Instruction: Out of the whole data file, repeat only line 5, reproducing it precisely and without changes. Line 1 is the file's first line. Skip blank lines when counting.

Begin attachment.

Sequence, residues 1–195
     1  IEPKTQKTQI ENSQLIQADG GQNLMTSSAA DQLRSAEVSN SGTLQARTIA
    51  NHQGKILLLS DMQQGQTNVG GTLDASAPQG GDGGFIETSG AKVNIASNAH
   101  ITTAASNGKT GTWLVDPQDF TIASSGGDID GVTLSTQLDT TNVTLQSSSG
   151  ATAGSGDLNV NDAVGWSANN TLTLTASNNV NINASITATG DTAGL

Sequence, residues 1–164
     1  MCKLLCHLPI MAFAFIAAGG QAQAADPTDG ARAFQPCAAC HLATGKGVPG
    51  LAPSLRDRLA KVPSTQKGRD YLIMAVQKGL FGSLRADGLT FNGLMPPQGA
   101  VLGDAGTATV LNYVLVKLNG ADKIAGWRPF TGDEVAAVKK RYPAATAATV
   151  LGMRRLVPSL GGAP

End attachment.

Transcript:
   151  ATAGSGDLNV NDAVGWSANN TLTLTASNNV NINASITATG DTAGL